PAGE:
Why are you buying enterprise Tupperware?

Storage is a place in the back corner of an underground parking lot, where the tenants of your building stick old furniture, broken microwaves, and tires behind chain linked dividers.

Storage is a volumetric thing.  It’s a closet where you put shoes and coats.

Storage is a container.

Storage companies sell containers.  This has been the way things have worked in the datacenter for two decades: you buy a big box full of disks to put your data in.  You leave your data in it for five years or so, and then you buy a new box.  Ka-ching.  This is the storage business, and storage is basically Tupperware.

From a technology perspective, storage products have clamored to position themselves about the technology they use.  Whether it’s a Fiber Channel SAN, or an All-Flash Array, storage products have been motivated into existence not because of the problems that they solve, but because of the technologies that they are based on.  The weird result of this approach is that enterprise storage environments are becoming more diverse, more siloed, and more complex.  To meet the needs of all their workloads, the administrator is turning into a fleet manager: flash arrays for performance, virtualization-specific arrays for VMware, and so on…  And every week a new vendor is calling about IOPS.  Lots of IOPS.  Storage vendors may not be making life easier, but they’ve got fantastic Tupperware.  Gold-plated, battery-powered, deduplicating, one-gazillion-IOP Tupperware.

Technologies are becoming denser and faster, but Tupperware has been tupperware for a long time: it’s expensive, short-term, and a pain to manage.  What problems is it really solving for you?

A few big companies — ones with the kinds of datacenters that you ride bikes around because it’s more practical than walking — realized this fact over a decade ago.  Google and Amazon aren’t splashing out on mountains of enterprise storage.  They are building their own systems: they’ve turned data storage into an operational problem and they’ve hired piles of PhDs to build and run their cloud storage offerings.  These systems are cash efficient, they are scalable, and they let customers think about the data they are storing instead of the hardware it’s stored on.

You buy what you need when you need it, and you don’t worry about refreshes.

These techniques — allowing the move toward scalable, on-demand storage services — reflect some spectacular innovation.  But they have happened completely outside enterprise datacenters.  This is especially strange given that datacenter environments everywhere are benefiting from the huge changes that have been taking place in server and network virtualization over the past few years; server and network hardware is more densely used and easier to manage, and storage remains a monolith.

This is why we started Coho Data.  Storage is the elephant in your datacenter: it’s the biggest source of cost, administrative headache, and complexity.  As the team that wrote the Xen hypervisor (which powers Amazon’s EC2), we have a deep familiarity with computing efficiently at scale, and getting great value out of commodity hardware.  For the last two years, we have been working to decouple the value and functionality of enterprise storage from the physical hardware that is used to build it.  We have designed a storage system around two central ideas:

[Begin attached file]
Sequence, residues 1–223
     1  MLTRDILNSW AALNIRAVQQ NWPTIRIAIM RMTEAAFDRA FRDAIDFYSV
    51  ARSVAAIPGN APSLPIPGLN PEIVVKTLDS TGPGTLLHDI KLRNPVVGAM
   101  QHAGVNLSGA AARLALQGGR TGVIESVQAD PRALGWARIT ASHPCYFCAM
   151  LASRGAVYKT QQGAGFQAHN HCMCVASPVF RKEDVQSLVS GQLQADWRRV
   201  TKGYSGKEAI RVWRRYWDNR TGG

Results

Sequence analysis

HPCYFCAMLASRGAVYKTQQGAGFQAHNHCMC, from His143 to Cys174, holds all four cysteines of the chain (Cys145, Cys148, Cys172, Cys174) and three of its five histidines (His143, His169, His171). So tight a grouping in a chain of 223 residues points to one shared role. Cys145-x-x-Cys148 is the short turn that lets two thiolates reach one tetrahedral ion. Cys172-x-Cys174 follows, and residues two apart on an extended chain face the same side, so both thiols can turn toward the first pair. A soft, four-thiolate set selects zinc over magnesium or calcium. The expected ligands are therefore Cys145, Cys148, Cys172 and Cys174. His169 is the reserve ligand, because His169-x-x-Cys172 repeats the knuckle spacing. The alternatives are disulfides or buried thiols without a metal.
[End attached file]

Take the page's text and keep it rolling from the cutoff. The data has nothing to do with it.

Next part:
1. Storage isn’t defined by a physical device.  Hardware gets old, it breaks, and it gets replaced.  Flash and networks are improving year-on-year at a rate that spinning disks never, ever have.  We have taken ideas from hardware virtualization to completely decouple data and the software stack that lets you access it from the hardware that it runs on.  Coho’s products are delivered on the best price/performance commodity hardware that is available at the time, allowing you to buy what you need now, to extend both performance and capacity on the best available hardware as you need to, and to replace components without planned outages or disruption.

2. Presentation is power.  Storage systems are often hamstrung by their interfaces.  They use old protocols, have trouble adopting new ones, and the controllers that implement these protocols end up being scalability bottlenecks.  We’ve built a hosting environment for deploying scalable protocol implementations across the entire width of the system.  With Coho’s products, you get linearly scalable protocol implementations built on top of a high-performance, bare-metal object store.  Coho wants to make enterprise storage relevant again by growing to support all the interfaces and interactions with data that your business needs.

Coho Data is a young, ambitious, and energetic storage company.  We’ve started from the ground up on this system, in thinking about how data should be stored and accessed in your environment.  Coho’s DataStream architecture makes aggressive use of some really exciting technologies, like PCIe flash and software-defined network (SDN) switching — but we don’t exist because of these technologies.  We’re a group of people who want to think creatively and work hard to find clever ways to store and access your data.  Over the coming months, I’m looking forward to telling you more about our products and some of the interesting challenges we’ve faced over the past couple years of development.  Thanks very much for your interest, and please let us know if you’re getting tired of managing all that Tupperware.


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